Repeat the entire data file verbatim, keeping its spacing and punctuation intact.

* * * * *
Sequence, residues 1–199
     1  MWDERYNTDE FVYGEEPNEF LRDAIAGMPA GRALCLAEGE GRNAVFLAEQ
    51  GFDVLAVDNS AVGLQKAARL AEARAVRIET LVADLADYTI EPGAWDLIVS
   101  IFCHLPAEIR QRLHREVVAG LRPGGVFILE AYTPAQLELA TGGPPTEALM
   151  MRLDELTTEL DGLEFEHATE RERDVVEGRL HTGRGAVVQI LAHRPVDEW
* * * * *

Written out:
Sequence, residues 1–199
     1  MWDERYNTDE FVYGEEPNEF LRDAIAGMPA GRALCLAEGE GRNAVFLAEQ
    51  GFDVLAVDNS AVGLQKAARL AEARAVRIET LVADLADYTI EPGAWDLIVS
   101  IFCHLPAEIR QRLHREVVAG LRPGGVFILE AYTPAQLELA TGGPPTEALM
   151  MRLDELTTEL DGLEFEHATE RERDVVEGRL HTGRGAVVQI LAHRPVDEW